Datapolis: A Public Governance Perspective on “Smart Cities”.

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Smart cities are presented as both inevitable and benign futures: the technological development is unstoppable and will bring us wealthier, safer and more sustainable cities. Putting technology to use, however, is never entirely a matter of engineering but of strategic, political and value-laden choices. This article combines the literature on technology in the public sector and on (urban) governance to develop a public governance perspective on smart cities. The central theoretical concept “datapolis” highlights how the construction of smart cities can be understood in term of “actors,” “rules,” and “games” of urban governance. The theoretical analysis results in the identification of three types of actors (state, market, and civil society), three governance challenges (balancing perceptions, guaranteeing checks and balances and building upon different forms of knowing), and five governance games (the politics of data collection, data storage, data usage, data visualization and data access). The governance of smart cities is re-conceptualized as the socio-technical structures that emerge from the governance games. The governance challenge is to develop legitimate rules for perceptions, power relations and decisions in smart cities.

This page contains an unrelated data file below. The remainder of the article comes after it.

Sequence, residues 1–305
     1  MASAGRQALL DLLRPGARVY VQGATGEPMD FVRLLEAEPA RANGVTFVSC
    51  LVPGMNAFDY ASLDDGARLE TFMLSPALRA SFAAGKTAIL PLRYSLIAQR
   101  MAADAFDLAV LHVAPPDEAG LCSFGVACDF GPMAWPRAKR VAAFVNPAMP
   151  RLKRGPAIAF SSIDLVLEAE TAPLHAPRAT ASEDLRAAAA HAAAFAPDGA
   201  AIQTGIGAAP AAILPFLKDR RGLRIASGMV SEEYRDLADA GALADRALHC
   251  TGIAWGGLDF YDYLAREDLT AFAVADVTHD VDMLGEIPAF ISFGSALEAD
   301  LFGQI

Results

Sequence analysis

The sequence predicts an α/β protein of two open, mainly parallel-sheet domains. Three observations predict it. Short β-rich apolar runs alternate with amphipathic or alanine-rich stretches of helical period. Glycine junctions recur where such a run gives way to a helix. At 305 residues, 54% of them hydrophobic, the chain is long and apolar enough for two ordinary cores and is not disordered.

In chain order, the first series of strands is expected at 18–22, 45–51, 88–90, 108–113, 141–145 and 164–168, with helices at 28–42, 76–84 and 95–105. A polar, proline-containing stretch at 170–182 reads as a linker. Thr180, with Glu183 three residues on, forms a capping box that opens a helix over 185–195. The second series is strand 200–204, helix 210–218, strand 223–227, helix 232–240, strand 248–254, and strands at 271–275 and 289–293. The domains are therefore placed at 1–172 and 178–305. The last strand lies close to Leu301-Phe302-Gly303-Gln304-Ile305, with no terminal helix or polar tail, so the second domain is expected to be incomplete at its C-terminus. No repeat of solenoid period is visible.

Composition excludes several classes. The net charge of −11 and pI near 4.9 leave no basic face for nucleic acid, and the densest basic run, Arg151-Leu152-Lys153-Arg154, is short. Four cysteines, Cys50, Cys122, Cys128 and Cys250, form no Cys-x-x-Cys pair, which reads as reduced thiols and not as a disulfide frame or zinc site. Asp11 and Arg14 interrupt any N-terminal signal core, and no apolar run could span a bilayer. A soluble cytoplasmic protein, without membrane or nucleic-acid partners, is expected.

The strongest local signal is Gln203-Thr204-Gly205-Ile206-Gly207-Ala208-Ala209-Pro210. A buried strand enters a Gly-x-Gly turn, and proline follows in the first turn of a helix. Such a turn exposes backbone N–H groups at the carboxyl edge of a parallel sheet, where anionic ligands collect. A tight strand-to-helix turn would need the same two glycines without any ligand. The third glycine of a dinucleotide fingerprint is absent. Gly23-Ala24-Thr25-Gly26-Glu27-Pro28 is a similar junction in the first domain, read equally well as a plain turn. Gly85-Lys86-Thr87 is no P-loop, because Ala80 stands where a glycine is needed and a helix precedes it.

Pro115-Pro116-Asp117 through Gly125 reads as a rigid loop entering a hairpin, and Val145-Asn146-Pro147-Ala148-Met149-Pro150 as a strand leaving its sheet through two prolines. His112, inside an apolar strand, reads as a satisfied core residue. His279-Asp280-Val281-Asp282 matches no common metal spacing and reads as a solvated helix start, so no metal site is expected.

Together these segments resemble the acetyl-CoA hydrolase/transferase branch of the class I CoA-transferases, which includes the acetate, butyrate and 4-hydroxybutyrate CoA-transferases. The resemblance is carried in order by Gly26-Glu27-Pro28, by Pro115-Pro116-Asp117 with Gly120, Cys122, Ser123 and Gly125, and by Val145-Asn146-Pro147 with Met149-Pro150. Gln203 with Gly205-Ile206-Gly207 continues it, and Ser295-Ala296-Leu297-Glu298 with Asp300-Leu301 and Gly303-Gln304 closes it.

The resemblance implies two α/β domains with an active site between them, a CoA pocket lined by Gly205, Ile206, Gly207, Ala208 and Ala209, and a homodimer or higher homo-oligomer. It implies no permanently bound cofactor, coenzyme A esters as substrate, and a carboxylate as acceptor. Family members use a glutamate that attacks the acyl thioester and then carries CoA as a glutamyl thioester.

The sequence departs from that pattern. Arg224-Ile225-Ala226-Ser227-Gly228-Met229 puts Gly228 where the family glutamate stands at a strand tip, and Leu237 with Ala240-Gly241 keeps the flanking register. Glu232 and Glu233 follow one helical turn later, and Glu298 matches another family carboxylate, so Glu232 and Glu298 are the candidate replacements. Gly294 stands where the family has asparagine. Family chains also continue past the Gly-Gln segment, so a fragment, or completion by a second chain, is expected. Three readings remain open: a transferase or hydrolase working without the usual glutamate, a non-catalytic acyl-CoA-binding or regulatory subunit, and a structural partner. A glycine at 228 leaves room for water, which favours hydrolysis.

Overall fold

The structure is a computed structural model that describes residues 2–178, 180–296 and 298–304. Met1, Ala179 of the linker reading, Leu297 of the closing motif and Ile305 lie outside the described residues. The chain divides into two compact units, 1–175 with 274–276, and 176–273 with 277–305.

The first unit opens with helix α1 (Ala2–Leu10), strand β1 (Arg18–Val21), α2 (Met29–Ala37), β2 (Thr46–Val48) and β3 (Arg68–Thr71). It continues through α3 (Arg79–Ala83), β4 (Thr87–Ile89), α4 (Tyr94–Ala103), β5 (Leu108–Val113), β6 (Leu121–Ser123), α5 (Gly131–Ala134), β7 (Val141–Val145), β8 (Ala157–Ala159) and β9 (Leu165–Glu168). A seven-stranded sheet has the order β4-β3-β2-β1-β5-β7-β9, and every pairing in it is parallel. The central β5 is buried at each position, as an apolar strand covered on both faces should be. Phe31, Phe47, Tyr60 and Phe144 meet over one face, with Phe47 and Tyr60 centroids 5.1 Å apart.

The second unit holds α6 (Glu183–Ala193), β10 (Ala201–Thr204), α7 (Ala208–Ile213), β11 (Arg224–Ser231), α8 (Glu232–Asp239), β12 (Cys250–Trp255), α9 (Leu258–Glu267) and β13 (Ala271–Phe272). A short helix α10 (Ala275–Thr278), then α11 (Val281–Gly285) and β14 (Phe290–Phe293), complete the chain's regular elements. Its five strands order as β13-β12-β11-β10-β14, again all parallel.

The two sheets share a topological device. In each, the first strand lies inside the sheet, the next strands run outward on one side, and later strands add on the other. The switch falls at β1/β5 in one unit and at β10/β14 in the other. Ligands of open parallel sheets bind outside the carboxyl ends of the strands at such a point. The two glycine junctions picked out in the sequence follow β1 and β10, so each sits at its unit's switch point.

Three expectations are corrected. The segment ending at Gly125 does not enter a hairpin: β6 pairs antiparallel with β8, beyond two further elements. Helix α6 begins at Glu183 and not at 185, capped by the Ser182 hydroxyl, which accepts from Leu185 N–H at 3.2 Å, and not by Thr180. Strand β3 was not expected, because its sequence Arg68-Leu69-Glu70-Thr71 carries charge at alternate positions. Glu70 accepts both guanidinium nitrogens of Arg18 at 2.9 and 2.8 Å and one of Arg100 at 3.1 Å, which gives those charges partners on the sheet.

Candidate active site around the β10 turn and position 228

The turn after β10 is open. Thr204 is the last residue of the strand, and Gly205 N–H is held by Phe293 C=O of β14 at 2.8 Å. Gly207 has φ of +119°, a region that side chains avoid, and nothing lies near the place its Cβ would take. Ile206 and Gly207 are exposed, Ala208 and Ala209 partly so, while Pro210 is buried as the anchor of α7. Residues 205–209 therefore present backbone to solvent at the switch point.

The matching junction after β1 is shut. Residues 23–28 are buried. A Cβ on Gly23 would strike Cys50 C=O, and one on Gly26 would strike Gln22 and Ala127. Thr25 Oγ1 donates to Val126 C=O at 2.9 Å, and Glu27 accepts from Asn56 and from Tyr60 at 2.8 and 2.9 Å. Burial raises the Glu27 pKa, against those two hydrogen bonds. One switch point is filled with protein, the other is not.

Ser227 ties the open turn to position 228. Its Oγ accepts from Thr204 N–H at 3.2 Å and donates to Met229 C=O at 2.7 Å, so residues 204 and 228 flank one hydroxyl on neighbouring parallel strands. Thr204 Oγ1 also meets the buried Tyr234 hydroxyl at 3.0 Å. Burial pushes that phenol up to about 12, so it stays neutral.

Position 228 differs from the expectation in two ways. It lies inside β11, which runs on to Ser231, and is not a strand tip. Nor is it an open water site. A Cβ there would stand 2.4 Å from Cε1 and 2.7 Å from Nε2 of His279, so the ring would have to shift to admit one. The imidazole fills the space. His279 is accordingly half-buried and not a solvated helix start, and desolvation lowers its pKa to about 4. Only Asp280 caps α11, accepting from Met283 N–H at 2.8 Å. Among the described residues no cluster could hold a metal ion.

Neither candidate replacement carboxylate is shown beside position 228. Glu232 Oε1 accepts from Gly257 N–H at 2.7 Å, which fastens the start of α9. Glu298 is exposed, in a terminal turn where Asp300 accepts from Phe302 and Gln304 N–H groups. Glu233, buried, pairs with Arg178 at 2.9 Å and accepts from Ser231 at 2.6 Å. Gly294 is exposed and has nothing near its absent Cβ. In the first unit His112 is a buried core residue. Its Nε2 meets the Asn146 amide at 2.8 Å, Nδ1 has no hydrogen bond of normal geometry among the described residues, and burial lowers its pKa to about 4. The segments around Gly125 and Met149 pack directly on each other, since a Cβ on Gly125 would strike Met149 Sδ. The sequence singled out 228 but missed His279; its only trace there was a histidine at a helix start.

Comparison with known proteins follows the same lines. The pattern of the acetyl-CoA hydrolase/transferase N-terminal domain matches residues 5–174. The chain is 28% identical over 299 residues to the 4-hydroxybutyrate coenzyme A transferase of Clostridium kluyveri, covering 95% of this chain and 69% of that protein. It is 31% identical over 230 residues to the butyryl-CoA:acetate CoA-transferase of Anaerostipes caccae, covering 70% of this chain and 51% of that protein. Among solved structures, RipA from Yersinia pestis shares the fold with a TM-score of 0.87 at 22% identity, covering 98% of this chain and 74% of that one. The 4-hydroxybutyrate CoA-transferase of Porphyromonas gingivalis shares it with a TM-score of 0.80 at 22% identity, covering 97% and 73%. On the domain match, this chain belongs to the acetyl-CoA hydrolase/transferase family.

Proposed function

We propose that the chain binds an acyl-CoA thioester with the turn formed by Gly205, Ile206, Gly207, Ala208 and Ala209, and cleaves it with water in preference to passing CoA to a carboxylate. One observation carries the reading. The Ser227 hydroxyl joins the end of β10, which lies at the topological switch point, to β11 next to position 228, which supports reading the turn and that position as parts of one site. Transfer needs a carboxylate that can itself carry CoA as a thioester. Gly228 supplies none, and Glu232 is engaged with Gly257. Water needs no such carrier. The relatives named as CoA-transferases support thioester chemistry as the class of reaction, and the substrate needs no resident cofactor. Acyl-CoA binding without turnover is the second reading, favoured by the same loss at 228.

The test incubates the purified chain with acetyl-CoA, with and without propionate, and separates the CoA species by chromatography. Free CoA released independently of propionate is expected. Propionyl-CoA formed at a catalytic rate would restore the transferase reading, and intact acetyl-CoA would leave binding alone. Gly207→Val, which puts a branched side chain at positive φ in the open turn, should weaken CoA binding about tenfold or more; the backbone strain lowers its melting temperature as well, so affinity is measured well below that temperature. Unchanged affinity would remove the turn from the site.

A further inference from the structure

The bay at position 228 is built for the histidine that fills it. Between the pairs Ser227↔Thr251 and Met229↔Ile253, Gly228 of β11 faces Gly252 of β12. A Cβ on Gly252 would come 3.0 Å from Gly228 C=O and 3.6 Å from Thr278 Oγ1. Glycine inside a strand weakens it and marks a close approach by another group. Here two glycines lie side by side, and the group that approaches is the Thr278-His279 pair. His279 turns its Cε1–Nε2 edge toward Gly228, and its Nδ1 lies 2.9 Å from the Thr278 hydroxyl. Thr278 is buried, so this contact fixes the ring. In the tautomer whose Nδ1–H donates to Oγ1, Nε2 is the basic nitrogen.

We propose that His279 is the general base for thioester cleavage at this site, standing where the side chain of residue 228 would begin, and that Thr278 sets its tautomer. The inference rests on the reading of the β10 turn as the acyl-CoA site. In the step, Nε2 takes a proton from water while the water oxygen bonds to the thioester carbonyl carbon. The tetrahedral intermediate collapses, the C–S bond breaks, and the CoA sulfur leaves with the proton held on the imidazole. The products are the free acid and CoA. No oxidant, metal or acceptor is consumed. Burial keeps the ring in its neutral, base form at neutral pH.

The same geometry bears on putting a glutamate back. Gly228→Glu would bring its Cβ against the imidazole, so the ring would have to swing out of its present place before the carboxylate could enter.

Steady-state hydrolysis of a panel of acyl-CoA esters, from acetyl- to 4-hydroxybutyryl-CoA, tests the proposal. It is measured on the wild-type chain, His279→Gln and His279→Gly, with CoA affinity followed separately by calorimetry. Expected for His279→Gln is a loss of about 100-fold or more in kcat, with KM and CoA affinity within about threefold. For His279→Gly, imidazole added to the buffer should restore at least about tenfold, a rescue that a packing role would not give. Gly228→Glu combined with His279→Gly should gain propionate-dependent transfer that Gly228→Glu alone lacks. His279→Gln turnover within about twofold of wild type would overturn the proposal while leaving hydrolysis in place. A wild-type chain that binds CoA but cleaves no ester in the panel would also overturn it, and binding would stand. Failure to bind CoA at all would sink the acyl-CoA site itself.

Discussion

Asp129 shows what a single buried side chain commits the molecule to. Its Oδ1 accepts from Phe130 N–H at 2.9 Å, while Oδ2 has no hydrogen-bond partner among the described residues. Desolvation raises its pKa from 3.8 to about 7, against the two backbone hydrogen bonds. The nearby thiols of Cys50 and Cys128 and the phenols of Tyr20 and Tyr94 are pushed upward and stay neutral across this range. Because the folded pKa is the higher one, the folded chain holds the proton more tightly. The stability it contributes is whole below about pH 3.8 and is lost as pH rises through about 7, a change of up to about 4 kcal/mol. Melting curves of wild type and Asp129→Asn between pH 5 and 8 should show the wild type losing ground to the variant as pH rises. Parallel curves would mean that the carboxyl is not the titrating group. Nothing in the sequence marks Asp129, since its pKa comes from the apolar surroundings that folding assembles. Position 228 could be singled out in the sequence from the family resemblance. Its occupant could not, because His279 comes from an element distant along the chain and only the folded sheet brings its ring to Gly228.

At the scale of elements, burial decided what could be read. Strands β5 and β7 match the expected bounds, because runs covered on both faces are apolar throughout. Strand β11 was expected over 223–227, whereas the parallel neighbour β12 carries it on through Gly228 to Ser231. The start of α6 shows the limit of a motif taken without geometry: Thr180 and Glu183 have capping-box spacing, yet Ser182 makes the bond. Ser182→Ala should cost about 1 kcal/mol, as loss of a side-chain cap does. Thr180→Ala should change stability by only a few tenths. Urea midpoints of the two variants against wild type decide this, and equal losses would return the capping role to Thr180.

Original languageEnglish
Pages (from-to)195-206
Number of pages12
JournalPerspectives on Public Management and Governance
Issue number3
Publication statusPublished - Sept 2018


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